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The Lighthouse Chronicles by Frances Gonzalez

 

Max lives in Boston and is ordinary except for one fact: she has heard a voice predicting the end of the world since she was four. Now, at fifteen, she decides to listen to what it has to say—and her adventure begins. What is The Lighthouse? Who is the Dreamseer? And what does any of this have to do with Ben Franklin?


A novel, no longer online

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Listed: Feb 17, 2009

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Editorial Reviews

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Oddly surreal and detached, especially for YA

By Chris Poirier, editor

Apr 1, 2009: The Lighthouse Chronicles is the story of Max, a teenaged girl who has been sent on a mission by a voice she has heard since she was 4 years old. The first time she heard it, the instructions the voice gave her saved her from injury. What it is telling her now, however—at 15—is that she must find, obtain, and destroy an Artifact from the Boston Museum of Fine Arts, for the Artifact will "destroy her" if she doesn’t. Max seems convinced that her real mission is to save the world, though, at 19 chapters to date, we have only her conclusions about that, and there’s no indication of how the world might actually be in danger.

While at the museum, searching for the Artifact the voice wishes her to find, Max meets Ben Quentin, the son of a wealthy family putting on an exhibit at the museum. When she eventually finds the Artifact, with Ben’s unwitting help, it turns out to be a diamond tiara once owned by his great-great-great-aunt and now in the very exhibit he is "managing". Its job apparently done, the voice abandons Max to her own devices (it hasn’t shown up again in nearly 20 chapters), and she must figure out for herself how to obtain and destroy the tiara. Conveniently, that very night, she meets (the other) Cat Power, a leather-clad, rooftop-hopping thief, who she later tries to enlist to her cause, when Ben declines to just give her tiara.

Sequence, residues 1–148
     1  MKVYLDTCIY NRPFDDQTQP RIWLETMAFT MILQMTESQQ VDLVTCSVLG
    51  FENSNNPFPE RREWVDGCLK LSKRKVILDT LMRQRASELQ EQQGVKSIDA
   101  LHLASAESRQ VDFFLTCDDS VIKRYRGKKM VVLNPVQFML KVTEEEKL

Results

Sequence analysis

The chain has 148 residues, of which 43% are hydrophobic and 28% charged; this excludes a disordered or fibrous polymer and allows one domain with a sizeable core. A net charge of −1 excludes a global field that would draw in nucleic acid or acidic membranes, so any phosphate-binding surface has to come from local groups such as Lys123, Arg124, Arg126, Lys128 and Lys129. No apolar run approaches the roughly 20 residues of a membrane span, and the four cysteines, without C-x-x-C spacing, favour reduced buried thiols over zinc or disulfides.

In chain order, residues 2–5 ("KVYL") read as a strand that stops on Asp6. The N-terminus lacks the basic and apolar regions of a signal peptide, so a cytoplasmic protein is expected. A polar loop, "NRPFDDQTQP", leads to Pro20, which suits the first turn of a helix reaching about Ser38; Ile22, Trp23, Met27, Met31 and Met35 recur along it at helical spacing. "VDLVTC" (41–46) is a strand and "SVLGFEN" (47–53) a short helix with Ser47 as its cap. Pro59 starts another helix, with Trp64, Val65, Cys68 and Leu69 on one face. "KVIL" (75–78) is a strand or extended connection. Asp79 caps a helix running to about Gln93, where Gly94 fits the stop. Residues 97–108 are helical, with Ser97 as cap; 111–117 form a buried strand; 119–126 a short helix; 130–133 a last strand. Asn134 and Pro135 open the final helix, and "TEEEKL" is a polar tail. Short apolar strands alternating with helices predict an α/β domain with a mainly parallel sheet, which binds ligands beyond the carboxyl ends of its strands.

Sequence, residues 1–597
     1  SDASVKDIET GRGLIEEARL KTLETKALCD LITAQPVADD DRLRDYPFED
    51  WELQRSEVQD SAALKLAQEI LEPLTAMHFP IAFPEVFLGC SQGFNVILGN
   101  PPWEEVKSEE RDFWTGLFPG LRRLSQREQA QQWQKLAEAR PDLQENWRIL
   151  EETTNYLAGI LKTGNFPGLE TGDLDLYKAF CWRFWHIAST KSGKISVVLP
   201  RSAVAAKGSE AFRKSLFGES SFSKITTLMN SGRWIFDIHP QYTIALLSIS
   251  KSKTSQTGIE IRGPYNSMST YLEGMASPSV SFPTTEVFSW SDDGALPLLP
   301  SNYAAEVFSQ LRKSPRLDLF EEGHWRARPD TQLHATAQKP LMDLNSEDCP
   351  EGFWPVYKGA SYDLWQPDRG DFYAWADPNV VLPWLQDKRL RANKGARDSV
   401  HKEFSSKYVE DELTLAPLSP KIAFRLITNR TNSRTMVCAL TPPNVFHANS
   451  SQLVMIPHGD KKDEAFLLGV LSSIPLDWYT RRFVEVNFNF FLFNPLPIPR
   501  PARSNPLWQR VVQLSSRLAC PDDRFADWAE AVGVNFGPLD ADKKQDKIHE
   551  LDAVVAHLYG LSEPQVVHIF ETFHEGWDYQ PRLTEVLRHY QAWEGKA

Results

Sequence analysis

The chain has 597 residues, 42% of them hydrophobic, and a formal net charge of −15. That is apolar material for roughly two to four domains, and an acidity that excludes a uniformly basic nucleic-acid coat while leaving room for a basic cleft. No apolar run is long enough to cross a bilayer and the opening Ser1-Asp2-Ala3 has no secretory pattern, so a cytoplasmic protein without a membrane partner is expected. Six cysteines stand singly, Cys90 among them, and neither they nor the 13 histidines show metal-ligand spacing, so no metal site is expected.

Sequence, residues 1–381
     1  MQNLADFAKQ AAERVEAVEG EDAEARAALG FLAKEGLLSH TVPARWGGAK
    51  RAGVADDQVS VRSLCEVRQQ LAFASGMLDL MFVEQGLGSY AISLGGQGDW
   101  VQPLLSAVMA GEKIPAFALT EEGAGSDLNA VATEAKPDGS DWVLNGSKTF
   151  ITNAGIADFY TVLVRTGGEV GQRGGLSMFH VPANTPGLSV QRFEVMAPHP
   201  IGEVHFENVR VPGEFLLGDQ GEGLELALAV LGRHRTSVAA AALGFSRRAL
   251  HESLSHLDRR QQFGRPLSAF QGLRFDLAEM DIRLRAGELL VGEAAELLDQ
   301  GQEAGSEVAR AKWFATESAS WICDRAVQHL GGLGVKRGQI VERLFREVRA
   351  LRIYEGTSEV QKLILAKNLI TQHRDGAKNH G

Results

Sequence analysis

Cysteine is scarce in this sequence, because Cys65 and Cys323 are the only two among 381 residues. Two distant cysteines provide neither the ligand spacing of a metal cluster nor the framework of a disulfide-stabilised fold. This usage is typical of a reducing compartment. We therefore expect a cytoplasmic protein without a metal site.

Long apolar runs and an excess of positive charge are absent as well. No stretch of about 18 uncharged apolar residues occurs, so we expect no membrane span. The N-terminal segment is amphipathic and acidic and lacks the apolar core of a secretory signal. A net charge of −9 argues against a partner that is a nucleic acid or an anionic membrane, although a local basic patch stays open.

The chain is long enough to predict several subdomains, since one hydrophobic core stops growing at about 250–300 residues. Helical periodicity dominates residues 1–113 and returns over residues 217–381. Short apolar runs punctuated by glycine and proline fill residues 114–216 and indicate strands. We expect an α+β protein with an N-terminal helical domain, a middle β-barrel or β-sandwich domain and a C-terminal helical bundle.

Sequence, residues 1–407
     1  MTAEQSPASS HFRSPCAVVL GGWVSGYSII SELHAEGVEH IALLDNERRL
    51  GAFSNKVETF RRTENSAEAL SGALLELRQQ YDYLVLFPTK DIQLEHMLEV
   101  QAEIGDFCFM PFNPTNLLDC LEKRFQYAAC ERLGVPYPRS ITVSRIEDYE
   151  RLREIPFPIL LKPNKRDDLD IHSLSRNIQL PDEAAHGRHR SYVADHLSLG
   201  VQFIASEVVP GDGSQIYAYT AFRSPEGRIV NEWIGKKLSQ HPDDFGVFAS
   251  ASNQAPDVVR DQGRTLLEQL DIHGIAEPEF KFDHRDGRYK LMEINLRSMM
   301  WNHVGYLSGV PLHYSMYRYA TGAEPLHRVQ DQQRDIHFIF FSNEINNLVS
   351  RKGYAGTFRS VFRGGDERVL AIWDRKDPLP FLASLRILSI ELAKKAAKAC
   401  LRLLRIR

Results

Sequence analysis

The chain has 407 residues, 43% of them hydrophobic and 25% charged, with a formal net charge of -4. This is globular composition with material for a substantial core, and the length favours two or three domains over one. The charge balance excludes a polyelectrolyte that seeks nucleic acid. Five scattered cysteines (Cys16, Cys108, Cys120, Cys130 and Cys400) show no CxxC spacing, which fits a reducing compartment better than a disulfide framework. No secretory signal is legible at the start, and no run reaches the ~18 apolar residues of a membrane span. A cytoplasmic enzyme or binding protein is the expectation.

The story proceeds from there, with scenes depicting Max’s growing attraction with Ben, her relationship with her mother, her recruiting of Cat Power, and generally, her desire to pursue her mission.

There’s a surreal quality to the first dozen or more chapters that, together with other factors, gives the whole piece a rather detached air. Part of the problem is that the prose is so spare, that it feels like important stuff is being left out. Chapters zip by without much texture, and you never get a chance to really connect with any of it. There’s no tension at all, which seems odd for a story ostensibly about saving the world. Additionally, many of the conversations Max has—with Ben, with Cat Power, with a homeless man in the park, with her mother, even—seem a bit . . . off. They are very terse, like everything else, but more than that, they seem to be missing all the "glue" normal conversations have. A lot of them feel like the conversations you might have in a dream. To be honest, they made me wonder if Max is really a paranoid schizophrenic, despite her specific protestations to the contrary.